The excerpt from the FDIC records was not an original document. The best evidence rule requires that when an opposing party objects to a document that is not the original, a copy may not be admitted in evidence unless it meets one of the exceptions that permit admission of copies. Mass. G. Evid. § 1002 (2014). The excerpt from the FDIC’s records concerning Ocwen qualifies for an exception to the best evidence rule. It is a document in the control of a third party that cannot be obtained by a judicial process or procedure. Id. at § 1004(b); M.S. Brodin & M. Avery, Massachusetts Evidence § 10.3.4, at 605 (8th ed. 2007). The certificate from the general counsel demonstrates that the custodian of these records is located in Washington, D.C., beyond the reach of judicial process from Massachusetts, and not subject to an out-of-state deposition. Rule 7 of the Uniform Summary Process Rules provides for limited discovery and does not provide for depositions to be conducted, in or out of state.

However, the FDIC excerpt should also have been excluded because the date of liquidation of Ocwen was not relevant to the issue of whether the plaintiff was the holder of the mortgage on June 11, 2009, the date of foreclosure. The general rule

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is that it is not error when an incorrect specific objection is sustained when the evidence is not admissible for other reasons. “Where the evidence is inadmissible on one ground, the fact that the judge relied upon some other, incorrect, ground for excluding the evidence should not require reversal, since a retrial would probably only result in the exclusion of the evidence on the proper ground.” Commonwealth v. Mandeville, 386 Mass. 393, 397 (1982).

Although proposed evidence may satisfy other rules for admissibility, it is not admissible unless it is relevant. Mass. G. Evid. § 402 (2014); M.S. Brodin & M. Avery, supra at § 4.1.2, at 107. The defendants dispute whether the plaintiff held the mortgage on the date of foreclosure. This was appropriate under the principles established by U.S. Bank Nat’l Ass’n v. Ibanez, 458 Mass. 637, 648-651 (2011). Whether Ocwen was liquidated years before or not is not relevant to resolving that dispute.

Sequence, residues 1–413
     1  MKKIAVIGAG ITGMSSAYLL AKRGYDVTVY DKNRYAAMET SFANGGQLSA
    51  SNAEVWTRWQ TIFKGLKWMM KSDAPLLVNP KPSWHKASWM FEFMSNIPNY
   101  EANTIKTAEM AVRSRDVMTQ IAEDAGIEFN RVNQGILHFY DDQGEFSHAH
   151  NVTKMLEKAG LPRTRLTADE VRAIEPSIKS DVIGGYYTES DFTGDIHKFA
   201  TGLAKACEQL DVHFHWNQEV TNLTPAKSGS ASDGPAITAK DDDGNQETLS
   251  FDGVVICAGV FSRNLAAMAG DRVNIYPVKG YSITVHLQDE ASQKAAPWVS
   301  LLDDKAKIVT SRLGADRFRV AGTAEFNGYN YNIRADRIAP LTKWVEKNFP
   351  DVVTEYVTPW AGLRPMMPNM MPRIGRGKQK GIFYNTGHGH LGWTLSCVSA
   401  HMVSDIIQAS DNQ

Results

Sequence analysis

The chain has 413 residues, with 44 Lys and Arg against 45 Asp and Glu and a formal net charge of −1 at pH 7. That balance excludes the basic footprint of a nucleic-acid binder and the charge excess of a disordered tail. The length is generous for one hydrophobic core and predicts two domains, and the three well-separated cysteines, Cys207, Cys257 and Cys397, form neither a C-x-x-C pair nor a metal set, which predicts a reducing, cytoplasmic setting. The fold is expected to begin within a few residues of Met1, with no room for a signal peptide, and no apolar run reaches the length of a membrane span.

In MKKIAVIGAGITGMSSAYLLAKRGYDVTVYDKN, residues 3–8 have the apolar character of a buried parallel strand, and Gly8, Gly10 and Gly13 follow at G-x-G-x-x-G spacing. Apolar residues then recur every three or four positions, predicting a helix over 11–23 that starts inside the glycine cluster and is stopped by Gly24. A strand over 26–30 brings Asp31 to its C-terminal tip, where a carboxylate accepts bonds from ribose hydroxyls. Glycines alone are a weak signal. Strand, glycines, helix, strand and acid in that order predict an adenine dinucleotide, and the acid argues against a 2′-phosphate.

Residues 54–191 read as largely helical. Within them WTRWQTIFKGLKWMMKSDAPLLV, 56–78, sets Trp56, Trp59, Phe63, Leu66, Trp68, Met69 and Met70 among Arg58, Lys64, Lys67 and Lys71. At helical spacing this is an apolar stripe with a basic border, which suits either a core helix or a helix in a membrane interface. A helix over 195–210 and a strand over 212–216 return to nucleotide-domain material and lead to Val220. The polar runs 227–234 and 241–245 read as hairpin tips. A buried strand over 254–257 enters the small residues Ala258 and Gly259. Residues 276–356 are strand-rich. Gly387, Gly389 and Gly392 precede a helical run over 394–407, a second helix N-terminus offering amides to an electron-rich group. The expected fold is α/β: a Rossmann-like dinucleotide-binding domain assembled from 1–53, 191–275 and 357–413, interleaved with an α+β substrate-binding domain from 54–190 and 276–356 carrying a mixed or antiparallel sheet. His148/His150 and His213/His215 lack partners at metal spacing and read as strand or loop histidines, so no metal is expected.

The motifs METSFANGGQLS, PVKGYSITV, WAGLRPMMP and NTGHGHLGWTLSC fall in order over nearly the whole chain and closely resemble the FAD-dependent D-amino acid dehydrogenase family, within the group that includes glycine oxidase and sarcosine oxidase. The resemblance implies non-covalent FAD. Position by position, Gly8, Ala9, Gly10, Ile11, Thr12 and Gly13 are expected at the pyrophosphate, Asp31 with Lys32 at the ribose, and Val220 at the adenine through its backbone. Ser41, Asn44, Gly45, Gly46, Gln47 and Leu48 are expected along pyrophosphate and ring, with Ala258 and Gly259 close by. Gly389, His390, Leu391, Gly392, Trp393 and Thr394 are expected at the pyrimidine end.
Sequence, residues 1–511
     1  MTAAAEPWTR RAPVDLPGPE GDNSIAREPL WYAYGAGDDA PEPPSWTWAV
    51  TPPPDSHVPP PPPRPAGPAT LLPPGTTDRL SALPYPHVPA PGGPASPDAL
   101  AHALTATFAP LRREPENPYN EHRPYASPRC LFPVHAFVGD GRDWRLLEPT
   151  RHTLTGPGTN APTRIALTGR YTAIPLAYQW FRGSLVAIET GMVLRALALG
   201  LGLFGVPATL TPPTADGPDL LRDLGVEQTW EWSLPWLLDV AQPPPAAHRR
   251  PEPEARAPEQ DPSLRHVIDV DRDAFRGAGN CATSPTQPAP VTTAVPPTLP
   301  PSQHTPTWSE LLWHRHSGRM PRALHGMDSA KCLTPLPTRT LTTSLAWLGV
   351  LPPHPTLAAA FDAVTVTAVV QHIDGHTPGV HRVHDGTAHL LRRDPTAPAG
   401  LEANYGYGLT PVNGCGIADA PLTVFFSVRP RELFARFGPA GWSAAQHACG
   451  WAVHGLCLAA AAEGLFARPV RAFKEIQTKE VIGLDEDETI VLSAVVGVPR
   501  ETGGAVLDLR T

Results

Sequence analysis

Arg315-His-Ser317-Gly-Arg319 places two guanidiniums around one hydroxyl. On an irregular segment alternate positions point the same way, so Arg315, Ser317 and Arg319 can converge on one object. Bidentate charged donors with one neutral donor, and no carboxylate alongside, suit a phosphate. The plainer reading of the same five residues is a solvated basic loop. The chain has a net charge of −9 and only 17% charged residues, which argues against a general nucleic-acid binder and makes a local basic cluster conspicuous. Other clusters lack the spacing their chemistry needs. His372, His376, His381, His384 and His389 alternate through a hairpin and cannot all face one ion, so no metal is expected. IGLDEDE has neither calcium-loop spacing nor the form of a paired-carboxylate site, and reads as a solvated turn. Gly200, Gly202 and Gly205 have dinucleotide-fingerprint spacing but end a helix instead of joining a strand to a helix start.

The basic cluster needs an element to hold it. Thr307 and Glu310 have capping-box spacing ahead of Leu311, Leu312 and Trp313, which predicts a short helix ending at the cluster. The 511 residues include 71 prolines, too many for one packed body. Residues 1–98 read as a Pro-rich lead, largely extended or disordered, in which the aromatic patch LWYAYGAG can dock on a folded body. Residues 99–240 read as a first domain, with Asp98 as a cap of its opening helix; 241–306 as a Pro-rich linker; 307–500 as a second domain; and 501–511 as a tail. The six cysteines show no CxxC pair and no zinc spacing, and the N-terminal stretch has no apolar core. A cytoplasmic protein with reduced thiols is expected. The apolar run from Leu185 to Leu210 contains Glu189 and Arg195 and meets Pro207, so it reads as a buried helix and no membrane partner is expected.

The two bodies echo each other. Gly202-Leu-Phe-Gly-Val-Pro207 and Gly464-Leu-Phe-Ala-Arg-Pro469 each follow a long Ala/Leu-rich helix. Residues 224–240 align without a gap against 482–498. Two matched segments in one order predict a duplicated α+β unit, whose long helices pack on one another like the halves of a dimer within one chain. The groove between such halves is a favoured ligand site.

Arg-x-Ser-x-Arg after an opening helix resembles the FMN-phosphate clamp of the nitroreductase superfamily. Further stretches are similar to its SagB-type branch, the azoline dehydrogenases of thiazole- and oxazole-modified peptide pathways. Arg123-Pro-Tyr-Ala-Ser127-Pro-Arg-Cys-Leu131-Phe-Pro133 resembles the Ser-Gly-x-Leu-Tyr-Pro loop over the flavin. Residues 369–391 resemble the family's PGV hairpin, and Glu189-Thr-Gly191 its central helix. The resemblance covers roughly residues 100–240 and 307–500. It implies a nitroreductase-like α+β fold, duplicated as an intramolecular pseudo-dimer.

The defendants contend that Ocwen may have owned some interest in the mortgage at the date of foreclosure, and not the plaintiff, because “c/o Ocwen Federal Bank FSB, 12560 Ingenuity Drive, Orlando, FL 32826” appears in the foreclosure deed following the plaintiff’s name as grantor. The plaintiff contends that all of the description following the plaintiff’s name in the foreclosure deed that includes reference to Ocwen is only a direction for mailing or delivery.

The defendants further contend that Ocwen’s liquidation on June 30, 2005 is probative to establish that Ocwen or someone else had some ownership interest in the mortgage. The assignment from Saxon Mortgage, Inc. to the plaintiff makes no mention of Ocwen. There is no evidence of any assignment of the mortgage from the plaintiff to Ocwen or any other party. If it existed, this type of evidence would be probative of whether Ocwen or any other party had any interest in the mortgage on the date of foreclosure. Information about the date of any liquidation of Ocwen is simply not relevant. Mass. G. Evid. §§ 401, 402 (2014). “The concept of relevancy has two components: 1. the evidence must have some tendency to prove or disprove a particular fact; and 2. that particular fact must be material to an issue in the case.” M.S. Brodin & M. Avery, supra at § 4.1.1, at 106. Whether Ocwen was liquidated before any assignment does not tend to prove or disprove that it held any interest in the mortgage on the date of foreclosure. The assignment, foreclosure deed, and other documents that were in evidence do.